But the fire does burn away the works that are flammable. Such men "suffer loss", that is, they are punished. For zemioo, Liddell and Scott give:

I. to cause loss or do damage to any one, tina Plat., etc.:--Pass., megala zêmiôsetai will suffer great losses, Thuc.

II. to fine, amerce, mulct in a sum of money, c. dat. rei, z. tina chiliêisi drachmêisi Hdt.; chrêmasin Thuc.:-- Pass. to be fined or amerced in a thing, c. dat., Plat.; c. acc., tên psuchên zêmiôseai wilt lose thy life, Hdt.

2. generally to punish, id=Hdt., Thuc.

How is he punished? We are given the answer: he is saved, by fire: that is, the fire punishes him and so he is saved after that. In a word, purgatory.

No "intervening state" is mentioned - in the entire NT. Nowhere does the NT state that there weren't cats and dogs numbered among Jesus' disciples. Are we free to infer that there were?

Biblical principles lead us to the conclusion of purgatory; nothing would lead us to infer feline disciples of Jesus.

It says I will come again and receive you to Myself, [in order] that where I am, there you may be also: not "I will come again and receive you to Myself, and where I am, there you will be also", or something similiar. In other words, you are reading into the text that immediately after the reception they go to heaven: it is simply stating the purpose of the reception.

Heaven is named 237 times. Hell/Death/Destruction is named nearly as many.

Only one instance of teaching in the Scriptures is necessary to prove a doctrine, and we have that in 2 Macc 12:42-46. To quote Cardinal Manning:

Nay, more, the Church so honours the written word of God, that it acts upon its lightest word. It is a strange thing to hear men say that such and such doctrines are incredible because so little is said of them in Holy Scripture. Is truth measured by quantity? How many divine words are needed to overcome the unbelief of men? How often must God speak before we obey Him? How many times must He repeat His revelations before we will submit to His divine voice? Does not every spark contain the whole nature of fire? Does not every divine word contain the veracity of God? The Church of God recognizes His voice in every utterance, and honours the divine will revealed in the fewest syllables. (The Temporal Mission of the Holy Ghost)

Perhaps this is one of the author's "imperfect" statements. [see: 2 Maccabees 15:38,39]

38 So these things being done with relation to Nicanor, and from that time the city being possessed by the Hebrews, I also will here make an end of my narration. 39 Which if I have done well, and as it becometh the history, it is what I desired: but if not so perfectly, it must be pardoned me. 40 For as it is hurtful to drink always wine, or always water, but pleasant to use sometimes the one, and sometimes the other: so if the speech be always nicely framed, it will not be grateful to the readers. But here it shall be ended.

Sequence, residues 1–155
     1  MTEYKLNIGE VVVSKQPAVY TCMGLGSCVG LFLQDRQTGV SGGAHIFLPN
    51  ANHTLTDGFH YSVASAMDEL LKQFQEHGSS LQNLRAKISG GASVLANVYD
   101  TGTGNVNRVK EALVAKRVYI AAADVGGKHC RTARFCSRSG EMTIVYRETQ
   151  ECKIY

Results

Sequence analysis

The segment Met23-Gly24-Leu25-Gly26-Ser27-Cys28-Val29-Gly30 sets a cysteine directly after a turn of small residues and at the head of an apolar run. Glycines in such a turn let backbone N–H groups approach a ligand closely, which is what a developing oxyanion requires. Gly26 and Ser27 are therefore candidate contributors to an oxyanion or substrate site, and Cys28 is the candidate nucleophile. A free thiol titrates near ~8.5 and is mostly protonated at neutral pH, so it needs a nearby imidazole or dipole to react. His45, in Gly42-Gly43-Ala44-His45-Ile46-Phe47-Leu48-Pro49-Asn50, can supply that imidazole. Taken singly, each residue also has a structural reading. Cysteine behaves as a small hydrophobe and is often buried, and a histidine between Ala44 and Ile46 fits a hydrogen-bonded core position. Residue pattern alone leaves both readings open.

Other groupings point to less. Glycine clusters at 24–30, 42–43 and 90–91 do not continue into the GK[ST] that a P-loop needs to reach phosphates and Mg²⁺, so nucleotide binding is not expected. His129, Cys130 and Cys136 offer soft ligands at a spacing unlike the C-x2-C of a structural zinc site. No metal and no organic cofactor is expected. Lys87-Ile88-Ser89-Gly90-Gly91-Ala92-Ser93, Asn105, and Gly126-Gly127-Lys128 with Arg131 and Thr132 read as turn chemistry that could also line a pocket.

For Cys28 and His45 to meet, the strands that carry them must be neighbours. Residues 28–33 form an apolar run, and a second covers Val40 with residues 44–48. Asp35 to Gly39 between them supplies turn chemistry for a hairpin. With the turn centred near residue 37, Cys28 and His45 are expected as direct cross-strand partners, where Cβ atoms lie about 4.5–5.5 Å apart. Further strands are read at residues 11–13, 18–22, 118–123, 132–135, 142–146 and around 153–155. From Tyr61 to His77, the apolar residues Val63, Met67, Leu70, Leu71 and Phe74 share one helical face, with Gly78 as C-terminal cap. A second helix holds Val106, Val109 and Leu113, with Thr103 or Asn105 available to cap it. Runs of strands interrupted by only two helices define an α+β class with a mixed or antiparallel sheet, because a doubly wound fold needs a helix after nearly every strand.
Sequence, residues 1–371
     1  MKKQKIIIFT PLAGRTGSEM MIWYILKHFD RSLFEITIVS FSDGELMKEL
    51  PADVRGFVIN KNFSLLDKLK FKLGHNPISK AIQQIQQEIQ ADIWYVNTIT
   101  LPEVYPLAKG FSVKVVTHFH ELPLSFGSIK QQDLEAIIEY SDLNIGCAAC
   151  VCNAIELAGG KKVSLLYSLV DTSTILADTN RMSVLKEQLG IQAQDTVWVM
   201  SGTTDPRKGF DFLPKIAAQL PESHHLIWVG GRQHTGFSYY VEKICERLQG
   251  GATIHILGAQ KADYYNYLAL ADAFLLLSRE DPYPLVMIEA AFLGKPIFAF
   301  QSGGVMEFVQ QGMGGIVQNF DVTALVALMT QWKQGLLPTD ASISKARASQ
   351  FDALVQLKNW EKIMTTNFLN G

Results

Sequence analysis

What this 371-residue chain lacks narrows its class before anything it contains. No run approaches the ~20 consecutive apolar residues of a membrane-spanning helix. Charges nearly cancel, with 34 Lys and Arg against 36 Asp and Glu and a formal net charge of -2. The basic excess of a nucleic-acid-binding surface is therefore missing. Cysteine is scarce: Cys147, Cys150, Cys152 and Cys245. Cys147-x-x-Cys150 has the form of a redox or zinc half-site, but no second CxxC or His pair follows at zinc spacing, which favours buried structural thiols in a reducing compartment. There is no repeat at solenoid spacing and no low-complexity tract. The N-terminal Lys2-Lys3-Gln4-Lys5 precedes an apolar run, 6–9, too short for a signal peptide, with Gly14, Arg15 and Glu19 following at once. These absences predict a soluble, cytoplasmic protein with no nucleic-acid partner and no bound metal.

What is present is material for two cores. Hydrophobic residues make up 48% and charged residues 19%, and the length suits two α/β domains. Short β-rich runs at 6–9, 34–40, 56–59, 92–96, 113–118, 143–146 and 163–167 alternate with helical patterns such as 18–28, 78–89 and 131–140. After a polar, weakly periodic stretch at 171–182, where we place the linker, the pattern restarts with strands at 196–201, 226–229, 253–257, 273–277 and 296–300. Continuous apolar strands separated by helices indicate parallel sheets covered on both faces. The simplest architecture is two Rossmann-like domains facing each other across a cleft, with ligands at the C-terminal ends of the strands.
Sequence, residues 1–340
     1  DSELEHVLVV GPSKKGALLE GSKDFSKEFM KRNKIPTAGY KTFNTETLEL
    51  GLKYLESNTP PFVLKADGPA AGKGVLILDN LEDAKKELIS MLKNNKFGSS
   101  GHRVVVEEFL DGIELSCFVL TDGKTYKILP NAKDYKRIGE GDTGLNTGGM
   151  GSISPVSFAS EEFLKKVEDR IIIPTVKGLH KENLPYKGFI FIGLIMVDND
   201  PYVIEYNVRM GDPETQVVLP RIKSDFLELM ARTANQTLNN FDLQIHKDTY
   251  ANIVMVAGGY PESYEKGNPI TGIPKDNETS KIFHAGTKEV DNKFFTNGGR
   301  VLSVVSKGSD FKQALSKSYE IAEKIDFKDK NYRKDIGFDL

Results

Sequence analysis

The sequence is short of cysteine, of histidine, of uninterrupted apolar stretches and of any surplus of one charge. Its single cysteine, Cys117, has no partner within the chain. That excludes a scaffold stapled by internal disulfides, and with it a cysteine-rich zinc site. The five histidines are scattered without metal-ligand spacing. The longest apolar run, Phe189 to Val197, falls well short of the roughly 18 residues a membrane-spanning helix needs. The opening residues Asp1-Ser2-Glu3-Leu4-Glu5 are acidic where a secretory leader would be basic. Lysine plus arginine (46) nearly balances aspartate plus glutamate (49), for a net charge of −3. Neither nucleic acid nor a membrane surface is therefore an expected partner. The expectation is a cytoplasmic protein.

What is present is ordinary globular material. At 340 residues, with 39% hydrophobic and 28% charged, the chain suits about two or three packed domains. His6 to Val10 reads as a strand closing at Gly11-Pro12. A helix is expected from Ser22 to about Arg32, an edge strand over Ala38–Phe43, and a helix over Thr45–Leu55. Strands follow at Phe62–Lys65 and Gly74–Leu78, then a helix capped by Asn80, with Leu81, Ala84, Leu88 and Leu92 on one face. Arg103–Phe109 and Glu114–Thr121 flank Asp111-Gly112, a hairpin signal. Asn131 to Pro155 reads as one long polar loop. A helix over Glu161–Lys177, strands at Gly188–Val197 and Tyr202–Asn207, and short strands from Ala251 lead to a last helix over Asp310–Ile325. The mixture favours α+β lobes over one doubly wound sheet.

Isn't it clear that it's talking about literary ability, and not about doctrinal mistakes?

Is this the best argument for Purgatory? That something "may have" happened?

No, we are discussing the slain soldiers. As you pointed out, the text says "might" - it says that Judas did the right thing, but it doesn't say that it was successful. How could Judas know whether the soldiers had repented or not? He couldn't, so "might".

You would gamble your eternal destiny on "may have". ... What if there is no "second chance" to clean up you life?

There's no 'second chance'. Nor is there a gamble: anyone who gets to purgatory is already saved. Only the justified can go to purgatory. The dispute between us is simply whether justification in the NT, as opposed to the OT, always removes the debt of temporal punishment.

CCC 1022 Each man receives his eternal retribution in his immortal soul at the very moment of his death, in a particular judgment that refers his life to Christ: either entrance into the blessedness of heaven-through a purification or immediately,--or immediate and everlasting damnation.

Note that there are only two options: heaven or hell, depending on whether one's life was referred to Christ or not.

24 posted on 03/28/2005 3:18:14 PM PST by gbcdoj
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To: conservlib
I wish somebody can explain the mysteries to me.

Here you go. This is an excellent catechism that can be taught on many levels, not all of it is on line though, the section you are interested in is.

My Catholic Faith 18. Adam and Eve Our First Parents

And here is the same section from the Baltimore Catechism:

Adam and Eve

25 posted on 03/28/2005 3:48:19 PM PST by murphE (Never miss an opportunity to kiss the hand of a holy priest.)
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To: gbcdoj

I don't know about you, but I have a hard time keeping my thought's straight in posts dealing with multiple arguments. I always feel like none of them truly get the attention they deserve.

With your permission, may I suggest that we deal with one issue at a time.